ICELDA has five tests that have been developed for various purposes and levels, while four more tests are currently under development. The most well known are:
- Test of Academic Literacy Levels (TALL)
- Toets van Akademiese Geletterdheidsvlakke (TAG)
- Academic Listening Test (ALT)
- Test of Academic Literacy for Postgraduate Students (TALPS)
- Test of Academic Literacy (TAL) of the Free State School of Nursing for prospective students of nursing
TALL and TAG make up the bulk of the annual sales, with some 31000 being purchased in 2010. A few hundred copies of TALPS are sold annually, but this may change in the future. ICELDA not only makes these tests available to its partners and to others, but also has the capacity to help scholars in other parts of the world to develop tests appropriate for their environments. We have no doubt that the tests we design will fulfil a critically important function not only in South Africa, but elsewhere as well.
- Test of academic literacy for disaster management at postgraduate level
- Test of academic literacy for certified financial planners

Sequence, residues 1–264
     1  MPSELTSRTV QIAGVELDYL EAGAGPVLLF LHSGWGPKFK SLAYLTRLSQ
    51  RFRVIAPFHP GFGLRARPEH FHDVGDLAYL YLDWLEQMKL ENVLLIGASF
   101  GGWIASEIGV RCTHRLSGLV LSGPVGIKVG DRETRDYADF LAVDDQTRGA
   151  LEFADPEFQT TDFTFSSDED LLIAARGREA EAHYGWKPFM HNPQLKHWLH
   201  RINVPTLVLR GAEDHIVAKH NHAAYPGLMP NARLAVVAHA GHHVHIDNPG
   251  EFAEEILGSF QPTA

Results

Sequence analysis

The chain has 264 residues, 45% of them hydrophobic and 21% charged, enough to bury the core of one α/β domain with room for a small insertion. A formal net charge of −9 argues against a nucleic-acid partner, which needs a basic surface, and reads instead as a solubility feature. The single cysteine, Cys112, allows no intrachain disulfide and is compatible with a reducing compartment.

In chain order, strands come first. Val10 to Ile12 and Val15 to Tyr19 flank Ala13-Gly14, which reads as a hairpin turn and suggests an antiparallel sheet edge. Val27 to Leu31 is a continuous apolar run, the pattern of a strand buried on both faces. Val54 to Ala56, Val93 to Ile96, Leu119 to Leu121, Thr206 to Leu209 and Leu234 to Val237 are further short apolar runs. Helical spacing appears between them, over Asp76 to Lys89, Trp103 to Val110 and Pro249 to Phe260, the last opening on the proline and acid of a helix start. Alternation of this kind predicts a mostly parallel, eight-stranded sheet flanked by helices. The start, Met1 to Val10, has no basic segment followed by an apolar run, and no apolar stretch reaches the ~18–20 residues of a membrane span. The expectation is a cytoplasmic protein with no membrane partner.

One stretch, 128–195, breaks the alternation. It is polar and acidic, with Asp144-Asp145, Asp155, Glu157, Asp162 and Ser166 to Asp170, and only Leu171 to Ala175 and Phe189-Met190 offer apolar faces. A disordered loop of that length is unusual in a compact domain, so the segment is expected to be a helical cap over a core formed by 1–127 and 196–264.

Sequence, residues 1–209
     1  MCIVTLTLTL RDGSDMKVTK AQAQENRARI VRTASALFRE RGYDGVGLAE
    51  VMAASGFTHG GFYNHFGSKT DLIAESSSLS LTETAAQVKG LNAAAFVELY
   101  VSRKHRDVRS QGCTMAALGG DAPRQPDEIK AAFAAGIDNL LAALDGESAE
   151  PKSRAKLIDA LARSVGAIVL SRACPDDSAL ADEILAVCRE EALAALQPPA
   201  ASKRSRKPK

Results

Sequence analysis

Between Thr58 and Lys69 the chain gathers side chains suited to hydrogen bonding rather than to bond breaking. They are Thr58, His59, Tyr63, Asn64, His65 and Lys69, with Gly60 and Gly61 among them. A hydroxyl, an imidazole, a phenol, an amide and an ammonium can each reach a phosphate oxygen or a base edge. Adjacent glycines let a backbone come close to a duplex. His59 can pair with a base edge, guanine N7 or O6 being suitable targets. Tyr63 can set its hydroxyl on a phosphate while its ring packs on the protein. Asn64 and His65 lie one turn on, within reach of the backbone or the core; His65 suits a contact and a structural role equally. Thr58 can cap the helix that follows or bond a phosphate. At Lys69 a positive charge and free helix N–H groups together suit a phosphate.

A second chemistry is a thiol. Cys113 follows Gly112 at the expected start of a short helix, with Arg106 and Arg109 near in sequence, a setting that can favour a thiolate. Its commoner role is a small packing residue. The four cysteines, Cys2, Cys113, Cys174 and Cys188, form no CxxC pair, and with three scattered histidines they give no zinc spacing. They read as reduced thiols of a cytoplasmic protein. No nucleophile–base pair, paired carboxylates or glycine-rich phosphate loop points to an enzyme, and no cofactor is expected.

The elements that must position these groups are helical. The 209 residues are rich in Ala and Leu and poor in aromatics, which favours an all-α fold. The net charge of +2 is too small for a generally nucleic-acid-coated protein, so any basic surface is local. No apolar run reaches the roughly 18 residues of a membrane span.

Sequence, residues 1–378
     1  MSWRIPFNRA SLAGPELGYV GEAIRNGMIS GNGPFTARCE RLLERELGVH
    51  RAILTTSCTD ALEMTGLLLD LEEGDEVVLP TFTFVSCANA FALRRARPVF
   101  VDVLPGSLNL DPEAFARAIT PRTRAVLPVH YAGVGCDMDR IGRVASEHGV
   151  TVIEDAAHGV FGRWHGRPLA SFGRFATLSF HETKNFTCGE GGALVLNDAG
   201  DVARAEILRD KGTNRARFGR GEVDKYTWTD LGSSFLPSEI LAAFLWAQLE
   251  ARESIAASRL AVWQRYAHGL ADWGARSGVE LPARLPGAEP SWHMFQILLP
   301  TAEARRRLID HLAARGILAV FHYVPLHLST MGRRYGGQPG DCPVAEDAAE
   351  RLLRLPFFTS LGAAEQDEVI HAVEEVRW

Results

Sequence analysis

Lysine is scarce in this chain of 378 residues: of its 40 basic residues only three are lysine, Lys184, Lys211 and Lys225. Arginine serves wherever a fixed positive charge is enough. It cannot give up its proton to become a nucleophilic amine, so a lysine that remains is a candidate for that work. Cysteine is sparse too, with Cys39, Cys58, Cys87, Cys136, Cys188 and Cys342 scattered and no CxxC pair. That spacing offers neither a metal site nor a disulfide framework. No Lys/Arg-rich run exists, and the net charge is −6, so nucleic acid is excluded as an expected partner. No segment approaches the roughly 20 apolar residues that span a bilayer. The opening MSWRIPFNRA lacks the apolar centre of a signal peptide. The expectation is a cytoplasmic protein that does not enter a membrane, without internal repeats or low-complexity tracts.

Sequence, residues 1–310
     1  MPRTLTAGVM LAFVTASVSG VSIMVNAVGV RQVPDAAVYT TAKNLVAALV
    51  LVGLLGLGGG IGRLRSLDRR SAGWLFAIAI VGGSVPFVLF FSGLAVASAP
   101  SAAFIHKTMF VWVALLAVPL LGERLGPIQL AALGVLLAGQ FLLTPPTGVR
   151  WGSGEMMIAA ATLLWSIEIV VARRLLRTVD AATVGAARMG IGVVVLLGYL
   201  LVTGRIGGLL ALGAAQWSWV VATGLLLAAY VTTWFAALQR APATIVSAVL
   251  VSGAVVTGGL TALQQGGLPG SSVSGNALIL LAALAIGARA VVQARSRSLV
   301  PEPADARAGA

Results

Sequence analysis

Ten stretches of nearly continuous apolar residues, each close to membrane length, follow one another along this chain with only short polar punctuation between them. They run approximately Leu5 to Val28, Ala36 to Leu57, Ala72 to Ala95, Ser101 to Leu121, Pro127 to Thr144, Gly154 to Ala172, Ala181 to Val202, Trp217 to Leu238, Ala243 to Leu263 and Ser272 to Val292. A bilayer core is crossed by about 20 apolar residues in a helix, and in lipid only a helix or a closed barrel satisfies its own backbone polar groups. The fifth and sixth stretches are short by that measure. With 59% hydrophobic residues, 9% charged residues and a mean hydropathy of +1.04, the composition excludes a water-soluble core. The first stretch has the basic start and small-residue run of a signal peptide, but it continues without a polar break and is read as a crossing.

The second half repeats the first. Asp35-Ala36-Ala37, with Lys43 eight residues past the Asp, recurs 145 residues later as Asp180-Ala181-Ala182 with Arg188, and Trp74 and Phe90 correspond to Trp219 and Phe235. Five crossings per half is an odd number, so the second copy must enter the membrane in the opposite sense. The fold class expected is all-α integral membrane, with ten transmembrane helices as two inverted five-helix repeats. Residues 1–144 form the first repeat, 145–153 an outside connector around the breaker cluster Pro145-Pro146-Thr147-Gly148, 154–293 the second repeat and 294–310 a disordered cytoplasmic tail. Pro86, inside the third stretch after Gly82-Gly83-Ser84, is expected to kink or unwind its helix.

- Test of Advanced Language Ability (TALA) (with Umalusi) - see news item
- Test of Early Academic Literacy (TEAL) - see news item
Eligibility or Placement?
The tests are primarily used to determine academic literacy levels of first-time entering students. The results are used either to place students those whose academic literacy level is too low on appropriate academic literacy support courses, or, more rarely, as part of an index to determine eligibility to higher education (access to university). In the latter case the results are used for high stakes purposes, and we recommend that the ability to handle academic discourse at university level should not make up more than 15% of such an index.
Our tests all measure a construct that relies on our definition of academic literacy.
How reliable are our tests?
The reliability of our tests is discussed in accredited journals (see bibliography). TALL, for example, has reliability levels (measured in terms of a very conservative measure, Cronbach's alpha) that averages at 0.93, which is more than 20% higher than international benchmarks for high stakes tests.